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MicheleD
Round Room in 1903 House

Our dining room has five curved glass windows which are trimmed with curved window sills and trim. The baseboard is also curved to fit the curved walls.

We would like to replace the trim in this room as there is lead paint under the oil paint we used back when we bought the house in 1986. The paint has begun to chip and crack here and there. We are thinking that it may be easier to replace the trim than to have the room deleaded.

We have no children living here so that is not an issue.

Have any of you dealt with a situation like this one? Would anyone know where we might be able to buy the curved trim pieces we need? My husband has made replacement trim for the rest of the house that matches the original style.
We are just stymied as to how we curve the trim to fit or produce trim that is already curved.

The windows themselves just have to stay as they are as the glass is fragile and expensive to replace.

Thanks for any thoughts or ideas,

Michele

MLB Construction
Re: Round Room in 1903 House

i've completely restored two curved rooms in my career. the first one was many lessons learned but it came out beautiful.

it's quite a bit of work but cheaper than having new trim made by a molding shop. remove the trim, bring it to a place that dip strips wood and have them clean it up for you then reinstall it. the hardest part will be removing the old trim but it can definitely be done. we had to remove a curved base trim that was set behind the wood flooring instead of on top of it. not fun, it took me about 4-5 hours, but it was well worth the labor spent.

ordjen
Re: Round Room in 1903 House

I have stripped a LOT of woodwork over the years, most of it done in place. I would be leery of trying to back off old brittle, curved woodwork, fearing cracking it in the process of backing it off. I did a whole Craftsman Bungalow without damaging the hardwood floors. The trick is to cover the whole area with a double layer of rosin paper. Where it is taped down, you will want to triple layer the tape, as the stripper will eat through a single layer of tape. The rosin paper can be cut to the arch of the wall with a single edge razor blade.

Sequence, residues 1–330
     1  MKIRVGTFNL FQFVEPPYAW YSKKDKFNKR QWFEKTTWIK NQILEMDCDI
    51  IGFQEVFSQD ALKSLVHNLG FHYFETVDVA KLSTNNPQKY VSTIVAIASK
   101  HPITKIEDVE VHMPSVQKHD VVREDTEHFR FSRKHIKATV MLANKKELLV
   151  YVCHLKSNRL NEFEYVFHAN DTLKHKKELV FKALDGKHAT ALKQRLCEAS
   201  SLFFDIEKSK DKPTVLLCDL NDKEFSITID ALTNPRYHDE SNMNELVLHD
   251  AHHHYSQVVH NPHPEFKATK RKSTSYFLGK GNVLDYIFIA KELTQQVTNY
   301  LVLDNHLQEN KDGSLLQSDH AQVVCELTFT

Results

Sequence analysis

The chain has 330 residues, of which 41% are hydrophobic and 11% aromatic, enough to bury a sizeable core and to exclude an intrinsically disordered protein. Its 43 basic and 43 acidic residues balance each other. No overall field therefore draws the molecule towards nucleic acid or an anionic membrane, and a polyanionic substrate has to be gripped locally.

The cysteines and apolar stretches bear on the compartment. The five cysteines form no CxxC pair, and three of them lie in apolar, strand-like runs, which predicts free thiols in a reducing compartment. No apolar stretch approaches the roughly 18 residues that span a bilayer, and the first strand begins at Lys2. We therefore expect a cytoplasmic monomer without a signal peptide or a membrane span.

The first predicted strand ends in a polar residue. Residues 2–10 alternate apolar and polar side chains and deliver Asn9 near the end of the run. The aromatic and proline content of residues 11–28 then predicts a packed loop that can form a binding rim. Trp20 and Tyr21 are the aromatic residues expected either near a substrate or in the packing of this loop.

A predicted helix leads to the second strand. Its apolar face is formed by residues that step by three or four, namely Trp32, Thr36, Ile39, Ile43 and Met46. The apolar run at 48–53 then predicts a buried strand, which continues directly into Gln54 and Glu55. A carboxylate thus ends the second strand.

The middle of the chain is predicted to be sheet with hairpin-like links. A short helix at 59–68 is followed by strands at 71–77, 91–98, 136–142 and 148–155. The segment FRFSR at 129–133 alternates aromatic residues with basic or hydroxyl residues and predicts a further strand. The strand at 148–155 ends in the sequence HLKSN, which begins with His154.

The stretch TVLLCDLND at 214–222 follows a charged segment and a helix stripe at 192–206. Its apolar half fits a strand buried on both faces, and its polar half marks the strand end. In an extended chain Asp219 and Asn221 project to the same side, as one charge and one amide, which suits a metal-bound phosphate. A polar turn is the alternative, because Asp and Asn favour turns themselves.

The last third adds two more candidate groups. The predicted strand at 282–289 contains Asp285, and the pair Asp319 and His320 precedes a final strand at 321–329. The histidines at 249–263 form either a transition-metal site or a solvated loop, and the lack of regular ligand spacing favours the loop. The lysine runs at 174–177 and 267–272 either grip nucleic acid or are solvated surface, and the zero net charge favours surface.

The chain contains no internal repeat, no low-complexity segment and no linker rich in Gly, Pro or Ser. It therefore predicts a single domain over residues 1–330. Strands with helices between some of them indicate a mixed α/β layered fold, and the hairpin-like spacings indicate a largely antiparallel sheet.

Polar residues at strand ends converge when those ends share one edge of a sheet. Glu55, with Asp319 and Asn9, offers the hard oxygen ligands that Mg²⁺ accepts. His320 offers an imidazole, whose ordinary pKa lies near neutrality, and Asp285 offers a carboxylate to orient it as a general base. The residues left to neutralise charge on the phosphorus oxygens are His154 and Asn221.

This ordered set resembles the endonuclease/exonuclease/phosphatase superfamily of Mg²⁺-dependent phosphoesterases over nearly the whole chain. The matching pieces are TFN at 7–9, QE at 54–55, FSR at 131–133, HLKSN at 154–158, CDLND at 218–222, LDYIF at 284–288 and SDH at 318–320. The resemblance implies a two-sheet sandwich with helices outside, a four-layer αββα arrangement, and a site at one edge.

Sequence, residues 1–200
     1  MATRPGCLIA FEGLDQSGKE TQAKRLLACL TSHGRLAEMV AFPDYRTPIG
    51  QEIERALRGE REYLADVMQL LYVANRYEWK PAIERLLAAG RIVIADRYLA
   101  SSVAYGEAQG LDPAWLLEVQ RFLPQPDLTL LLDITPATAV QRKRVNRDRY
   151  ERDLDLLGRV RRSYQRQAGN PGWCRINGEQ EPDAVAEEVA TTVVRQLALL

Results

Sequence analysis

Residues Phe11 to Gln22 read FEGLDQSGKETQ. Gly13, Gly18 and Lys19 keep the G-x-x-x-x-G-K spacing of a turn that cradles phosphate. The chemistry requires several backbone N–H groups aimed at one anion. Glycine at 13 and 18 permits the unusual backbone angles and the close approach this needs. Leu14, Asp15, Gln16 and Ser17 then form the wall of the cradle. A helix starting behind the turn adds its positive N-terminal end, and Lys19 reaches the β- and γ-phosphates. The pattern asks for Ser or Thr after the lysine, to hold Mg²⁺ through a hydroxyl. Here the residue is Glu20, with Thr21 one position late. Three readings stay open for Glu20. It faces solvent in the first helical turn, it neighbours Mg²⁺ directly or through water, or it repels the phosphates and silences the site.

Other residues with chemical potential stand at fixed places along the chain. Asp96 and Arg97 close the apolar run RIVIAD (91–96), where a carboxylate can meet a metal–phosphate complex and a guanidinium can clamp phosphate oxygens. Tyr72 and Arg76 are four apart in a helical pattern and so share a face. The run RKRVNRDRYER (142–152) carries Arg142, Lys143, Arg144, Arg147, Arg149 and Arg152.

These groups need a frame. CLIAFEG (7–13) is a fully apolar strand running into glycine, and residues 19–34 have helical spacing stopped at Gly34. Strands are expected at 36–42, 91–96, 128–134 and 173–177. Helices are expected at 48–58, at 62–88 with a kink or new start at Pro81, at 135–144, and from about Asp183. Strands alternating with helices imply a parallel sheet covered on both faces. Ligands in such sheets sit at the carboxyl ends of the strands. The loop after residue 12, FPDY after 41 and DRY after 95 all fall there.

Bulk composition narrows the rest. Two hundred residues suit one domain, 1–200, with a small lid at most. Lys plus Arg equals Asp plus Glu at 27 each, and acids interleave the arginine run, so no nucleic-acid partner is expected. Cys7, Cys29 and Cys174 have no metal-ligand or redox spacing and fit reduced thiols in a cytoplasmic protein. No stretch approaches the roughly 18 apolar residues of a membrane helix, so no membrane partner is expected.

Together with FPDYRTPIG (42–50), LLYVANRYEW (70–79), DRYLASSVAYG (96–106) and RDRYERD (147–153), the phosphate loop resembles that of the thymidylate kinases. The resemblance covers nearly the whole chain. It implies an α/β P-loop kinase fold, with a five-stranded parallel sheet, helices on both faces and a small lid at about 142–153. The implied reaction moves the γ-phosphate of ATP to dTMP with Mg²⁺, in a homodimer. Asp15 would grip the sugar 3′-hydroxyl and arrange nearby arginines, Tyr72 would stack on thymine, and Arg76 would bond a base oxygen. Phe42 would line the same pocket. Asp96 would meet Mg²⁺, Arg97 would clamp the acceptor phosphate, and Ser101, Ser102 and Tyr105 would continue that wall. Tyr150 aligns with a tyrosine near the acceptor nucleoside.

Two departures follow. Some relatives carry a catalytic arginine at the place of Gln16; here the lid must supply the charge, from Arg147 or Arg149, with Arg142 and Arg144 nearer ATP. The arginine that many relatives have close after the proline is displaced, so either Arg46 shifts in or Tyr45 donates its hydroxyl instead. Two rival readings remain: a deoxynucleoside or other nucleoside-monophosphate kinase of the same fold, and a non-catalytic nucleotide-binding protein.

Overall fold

Frankly, if there were only minor chipping in the woodwork which only had oil paint on it, I would consider just feathering out the chips or filling them in with spackling compounds and sanding them. Wear a lead rated mask, wipe up any dust with damp paper towels, and don't use a power sander, as you won't be able to control the dust.
The non-lead paint that you applied will prevent too much disturbance of the underlyng lead paint.

Mastercarpentry
Re: Round Room in 1903 House
ordjen wrote:

I would consider just feathering out the chips or filling them in with spackling compounds and sanding them. Wear a lead rated mask, wipe up any dust with damp paper towels, and don't use a power sander, as you won't be able to control the dust.
The non-lead paint that you applied will prevent too much disturbance of the underlyng lead paint.

Agreed- in any house this old no future buyer is going to expect it to be lead-free so there's no benefit to doing one part of it that way while the rest remains. Lead-based paint is not a serious problem unless you eat it or make a dust from it. If it's solid, professionals seal it (with the primers mentioned) to 'encapsulate' it and then apply finish coats afterward. End of problem.

If you do happen to damage any moldings beyond repair I hope you have a lot of tissue on hand as the replacement cost will bring lots of tears to your eyes, which is the best reason to not chance disturbing it.

Phil

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